Last night, the crescent moon was spotted over Abu Dhabi, bringing an official end to this year’s holy month of Ramadan. Today was the first day of Eid al-Fitr, a three-day celebration and national holiday. (Eid means “festivity” in Arabic, while Fi?r refers to the “breaking” of the fast.) NYU Abu Dhabi is closed from now until the first day of classes, which is this Sunday. (Yours truly will be teaching in the very first time slot of the new term, bright and early at 8:30 a.m. Gulf Standard Time.)
During Ramadan in the UAE, the most common greeting is “Ramadan Kareem,” which means literally “Generous Ramadan” or roughy, “May your Ramadan be Bountiful.” In some countries, people say “Ramadan Mubarak,” instead, which means “Blessed Ramadan.” Here, it’s more typical to say “Eid Mubarak,” which is what the signs throughout the Marks & Spencer down the street were changed to this morning.
The exact timing of Eid Al Fitr is always a little uncertain, because it does depend on the sighting of the moon by official authorities. We didn’t know for sure until last night whether Eid would begin today or tomorrow. As a result, the folks at NYUAD’s student life office had to come up with a couple of different versions of the Marhaba Week schedule. Government ministries and other official offices in the UAE found a way of avoiding this difficulty: they simply gave their employees the entire week off!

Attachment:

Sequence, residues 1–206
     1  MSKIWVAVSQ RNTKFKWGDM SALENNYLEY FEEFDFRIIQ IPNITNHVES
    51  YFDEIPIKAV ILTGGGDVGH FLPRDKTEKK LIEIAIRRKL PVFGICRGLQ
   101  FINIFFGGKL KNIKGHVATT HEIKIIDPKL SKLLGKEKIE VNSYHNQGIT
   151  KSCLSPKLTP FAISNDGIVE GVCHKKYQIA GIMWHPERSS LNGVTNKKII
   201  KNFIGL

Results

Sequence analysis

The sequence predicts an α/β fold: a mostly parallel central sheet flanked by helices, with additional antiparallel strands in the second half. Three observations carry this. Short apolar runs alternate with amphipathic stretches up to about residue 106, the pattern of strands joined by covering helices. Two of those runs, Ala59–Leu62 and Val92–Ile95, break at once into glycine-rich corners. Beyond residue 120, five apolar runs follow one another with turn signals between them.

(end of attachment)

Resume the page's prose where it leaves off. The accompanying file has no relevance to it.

Alas, no holiday celebrating (yet) for NYUAD’s Associate Dean of the Humanities, who found himself (and a surprising number of his colleagues) at the office this morning.
My children are delighted that they can now eat and drink during daylight hours in public. (Technically, given their ages, they were exempt from public fasting, but we wanted them to abstain anyway, out of respect for those around them who were fasting.) Of course, this public eating and drinking remains theoretical: it’s still quite hot outside, and the kids had no interest in venturing outside Sama Tower today, even if they could eat and drink. They were willing to go to the rooftop pool, however, which has been one of our staple activities during Ramadan. That and an inordinate amount of time spent in Lego Universe.
Tomorrow, perhaps, we will sally forth en famille! Eid Mubarak everyone!
(To get a sense of what Eid was like in Abu Dhabi today, read this article from gulfnews.com.)